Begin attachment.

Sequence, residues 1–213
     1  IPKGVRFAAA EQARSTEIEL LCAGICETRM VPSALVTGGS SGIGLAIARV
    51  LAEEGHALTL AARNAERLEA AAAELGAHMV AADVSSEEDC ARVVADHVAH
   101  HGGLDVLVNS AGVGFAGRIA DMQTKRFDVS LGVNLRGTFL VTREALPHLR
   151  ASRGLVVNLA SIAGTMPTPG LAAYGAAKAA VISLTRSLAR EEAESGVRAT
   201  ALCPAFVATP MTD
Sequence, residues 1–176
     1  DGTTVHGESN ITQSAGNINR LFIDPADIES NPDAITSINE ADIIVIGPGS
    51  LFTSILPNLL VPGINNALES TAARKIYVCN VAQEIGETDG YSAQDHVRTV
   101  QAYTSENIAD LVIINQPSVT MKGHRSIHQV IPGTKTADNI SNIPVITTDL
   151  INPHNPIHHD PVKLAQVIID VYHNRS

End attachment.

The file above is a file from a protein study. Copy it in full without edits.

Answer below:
Sequence, residues 1–213
     1  IPKGVRFAAA EQARSTEIEL LCAGICETRM VPSALVTGGS SGIGLAIARV
    51  LAEEGHALTL AARNAERLEA AAAELGAHMV AADVSSEEDC ARVVADHVAH
   101  HGGLDVLVNS AGVGFAGRIA DMQTKRFDVS LGVNLRGTFL VTREALPHLR
   151  ASRGLVVNLA SIAGTMPTPG LAAYGAAKAA VISLTRSLAR EEAESGVRAT
   201  ALCPAFVATP MTD
Sequence, residues 1–176
     1  DGTTVHGESN ITQSAGNINR LFIDPADIES NPDAITSINE ADIIVIGPGS
    51  LFTSILPNLL VPGINNALES TAARKIYVCN VAQEIGETDG YSAQDHVRTV
   101  QAYTSENIAD LVIINQPSVT MKGHRSIHQV IPGTKTADNI SNIPVITTDL
   151  INPHNPIHHD PVKLAQVIID VYHNRS